THE SCHOOL CHILDREN'S FRIEND
 ONE morning, about a hundred years ago, a farmer lad with
a basket on his arm was waling to the village store in
Franklin, Massachusetts. He was probably fourteen
years of age, although you would have guessed him to
the older. His face was pale and bore the saddened
look of a child who had never known what it was to
play. His clothing of home-made stuff was tattered and
worn. His whole appearance told of poverty and hard
Some village boys saw him and shouted, "There goes
Horace. Let's have some fun with him."
They pelted him with mud. They threw stones into his
"Hello, girly!" said one, "have you washed the
breakfast dishes yet?"
"How much straw can you plait in a day, Horry?" asked
 Then they all hooted, "Girl-boy! Girl-boy! Girl-boy!
Helps the women in the kitchen!" and they pranced
around him in great glee.
But the lad walked on silently, seeming not to notice
their ill-mannered taunts. At the store he was greeted
kindly by the man behind the counter.
"Some more straw braid to-day, Horace?"
"Yes, sir," was the answer. "There's not so much as I
hoped to bring, but I shall do better next week."
The storekeeper took the rolls of plaited straw from
the basket, and soon figured up their value.
"One shilling and sixpence. And what will you buy
"Half of it is mother's," answered Horace, "and half of
it is mine. Mother will come in to-morrow and get what
she needs. For my part, I want the arithmetic book
that I was looking at last week."
"The price is one shilling," said the storekeeper.
"I know," said Horace, "and I lack threepence of having
so much. I only want to ask if you will not lay the
book aside for me until next week, when I shall have
more than enough to pay for it."
"You may take the book now," said the man,
 "and I will trust you for the balance till you have
some more braid ready."
The lad thanked him, and tucked the precious book under
his coat. Then taking up his empty basket, he went out
to meet the taunts of the street boys again.
"That's right, girly!" they shouted after him. "Run
home now, and wash the breakfast dishes. Run home and
plait some more straw."
"That lad will make his mark in the world," said the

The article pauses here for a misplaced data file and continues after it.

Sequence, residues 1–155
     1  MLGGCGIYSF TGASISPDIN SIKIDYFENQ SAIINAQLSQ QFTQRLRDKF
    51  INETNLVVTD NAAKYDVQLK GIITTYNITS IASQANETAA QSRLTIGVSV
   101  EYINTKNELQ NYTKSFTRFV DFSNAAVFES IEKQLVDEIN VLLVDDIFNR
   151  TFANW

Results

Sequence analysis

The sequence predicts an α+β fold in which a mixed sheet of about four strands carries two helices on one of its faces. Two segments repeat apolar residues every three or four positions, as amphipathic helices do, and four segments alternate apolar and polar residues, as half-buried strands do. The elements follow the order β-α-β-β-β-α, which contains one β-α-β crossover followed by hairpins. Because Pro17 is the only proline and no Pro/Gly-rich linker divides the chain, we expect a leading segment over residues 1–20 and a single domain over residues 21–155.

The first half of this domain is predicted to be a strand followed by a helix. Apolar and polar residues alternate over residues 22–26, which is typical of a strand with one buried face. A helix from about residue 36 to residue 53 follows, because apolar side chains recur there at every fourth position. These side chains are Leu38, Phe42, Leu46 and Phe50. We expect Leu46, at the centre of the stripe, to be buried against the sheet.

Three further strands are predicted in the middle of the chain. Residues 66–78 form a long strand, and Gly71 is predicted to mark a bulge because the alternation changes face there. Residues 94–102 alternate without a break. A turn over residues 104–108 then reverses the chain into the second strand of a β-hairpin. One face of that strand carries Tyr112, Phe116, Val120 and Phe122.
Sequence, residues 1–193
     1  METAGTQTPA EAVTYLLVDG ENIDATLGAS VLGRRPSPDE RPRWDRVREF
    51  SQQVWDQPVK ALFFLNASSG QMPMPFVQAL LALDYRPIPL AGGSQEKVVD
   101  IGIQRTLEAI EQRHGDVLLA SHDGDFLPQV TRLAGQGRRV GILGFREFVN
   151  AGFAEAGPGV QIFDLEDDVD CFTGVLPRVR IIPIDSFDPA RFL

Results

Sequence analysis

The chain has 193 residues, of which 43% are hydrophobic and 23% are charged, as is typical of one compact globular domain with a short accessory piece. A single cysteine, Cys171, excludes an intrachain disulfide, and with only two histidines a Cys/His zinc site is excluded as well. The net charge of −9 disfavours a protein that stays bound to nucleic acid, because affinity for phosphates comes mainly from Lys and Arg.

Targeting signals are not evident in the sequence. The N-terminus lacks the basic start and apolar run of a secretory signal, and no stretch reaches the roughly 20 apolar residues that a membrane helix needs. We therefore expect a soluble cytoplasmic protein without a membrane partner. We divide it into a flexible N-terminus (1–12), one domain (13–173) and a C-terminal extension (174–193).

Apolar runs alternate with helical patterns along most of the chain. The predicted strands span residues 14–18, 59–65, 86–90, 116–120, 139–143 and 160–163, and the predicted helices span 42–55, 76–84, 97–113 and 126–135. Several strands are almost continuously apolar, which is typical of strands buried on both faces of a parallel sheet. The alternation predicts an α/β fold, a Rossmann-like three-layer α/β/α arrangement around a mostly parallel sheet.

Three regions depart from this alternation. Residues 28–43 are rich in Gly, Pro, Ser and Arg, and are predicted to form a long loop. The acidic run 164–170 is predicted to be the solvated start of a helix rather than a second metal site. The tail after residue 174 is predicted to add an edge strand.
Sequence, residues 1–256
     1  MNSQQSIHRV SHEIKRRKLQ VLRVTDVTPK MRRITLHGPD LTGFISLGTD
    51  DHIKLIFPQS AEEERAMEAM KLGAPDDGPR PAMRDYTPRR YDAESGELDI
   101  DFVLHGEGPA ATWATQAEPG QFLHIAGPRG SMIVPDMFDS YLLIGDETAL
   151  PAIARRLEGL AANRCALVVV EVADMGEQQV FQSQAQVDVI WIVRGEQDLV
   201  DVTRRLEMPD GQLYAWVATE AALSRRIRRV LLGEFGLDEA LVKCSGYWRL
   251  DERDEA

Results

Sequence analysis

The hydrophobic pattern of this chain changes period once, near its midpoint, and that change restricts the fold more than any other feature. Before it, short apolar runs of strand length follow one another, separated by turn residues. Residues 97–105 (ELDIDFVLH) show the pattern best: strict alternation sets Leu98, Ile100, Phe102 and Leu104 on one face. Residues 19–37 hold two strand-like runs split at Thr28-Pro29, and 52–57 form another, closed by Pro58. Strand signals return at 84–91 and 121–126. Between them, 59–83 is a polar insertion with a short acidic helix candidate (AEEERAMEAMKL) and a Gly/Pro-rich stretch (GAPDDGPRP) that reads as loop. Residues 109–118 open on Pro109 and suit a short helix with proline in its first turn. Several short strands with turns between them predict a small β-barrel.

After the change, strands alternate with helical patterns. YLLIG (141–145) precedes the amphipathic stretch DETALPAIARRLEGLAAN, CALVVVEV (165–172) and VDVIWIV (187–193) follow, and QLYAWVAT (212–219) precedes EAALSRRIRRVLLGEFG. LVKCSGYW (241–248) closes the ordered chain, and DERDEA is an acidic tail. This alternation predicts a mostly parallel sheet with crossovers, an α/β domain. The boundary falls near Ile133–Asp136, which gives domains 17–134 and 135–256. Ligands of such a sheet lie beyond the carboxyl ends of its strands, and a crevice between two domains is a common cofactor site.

storekeeper to the group of loafers who were lounging
at the door. "The boys make fun of him because he
makes straw braids and helps his mother with her
housework. But they'll be glad enough to do him honor
by and by."
"Has he no father?" asked one.
"Ah, no. His father died two years ago, and the boy
has been the mainstay of the family ever since. And
work! Why, he's never known anything but work. That
boy never played a day in his life. He's at work on
the farm whenever the weather will let him. And then
of evenings and on rainy days he's always plating
straw. Why, he plaits more straw than any
 woman or girl in Franklin. The hat makers say that
his braids are the best of any that I send them.
"School? No, he never has time to go to school much.
I guess he goes seven or eight weeks in midwinter, when
he can't do anything on the form. But they do say that
he knows more than the teacher, young as he is.
"Books? Well, I should reckon. He's read everything
in the Franklin library, and he ahs a few books of his
own. They say that he sits up and reads when everybody
else is in bed. Sometimes he sits up till long after
midnight. And they're so poor up at this house that I
guess they can't afford to buy many candles, either."
Such was the boyhood of Horace Mann. It was a boyhood of
labor unrelieved by any of the joys which children
commonly know. He never knew a holiday. Marbles and
kites and tops never came his way, for he had no time
to spend with them. As for playing ball, he was too
 even to think of it. In fact, he never had any kind of
plaything that he could call his own.
As he neared the age of manhood, however, he contrived
to give more time to the study of books. Through his
industry and self-denial his mother was at length quite
well provided for. Why should he not now indulge
himself with a little of that learning for which he had
always had such hungering and craving?
One day when he was twenty years old, a school teacher
whose name was Barrett surprised him by saying,—
"Horace, you must go to college!"
What a strange idea to put into the head of a young man
who had neither money nor opportunities!
"Why, Mr. Barrett," said Horace, "I don't know enough
to enter college. I have never studied Latin, and as
for Greek I have yet to see the first book in that
language. It is useless to think of such a thing."
"Not so useless as you suppose," answered Mr. Barrett.
"I have said that you must go to college and I mean it.
I myself will prepare you."
 Horace did not require much persuasion, for all his
ambition pointed that way. He set to work with a will,
and so did Mr. Barrett. Within six months the young
man mastered more Greek and Latin than most students